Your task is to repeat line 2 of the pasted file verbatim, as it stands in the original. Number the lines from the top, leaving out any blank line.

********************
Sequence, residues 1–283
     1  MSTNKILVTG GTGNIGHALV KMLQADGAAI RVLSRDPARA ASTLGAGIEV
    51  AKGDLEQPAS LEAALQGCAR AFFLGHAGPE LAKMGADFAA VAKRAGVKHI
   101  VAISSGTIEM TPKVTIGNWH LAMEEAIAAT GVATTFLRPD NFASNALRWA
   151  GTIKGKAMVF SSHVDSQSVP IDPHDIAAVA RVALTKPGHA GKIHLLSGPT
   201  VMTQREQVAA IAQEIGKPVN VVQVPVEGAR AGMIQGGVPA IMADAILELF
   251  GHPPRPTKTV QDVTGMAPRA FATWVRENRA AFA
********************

     1  MSTNKILVTG GTGNIGHALV KMLQADGAAI RVLSRDPARA ASTLGAGIEV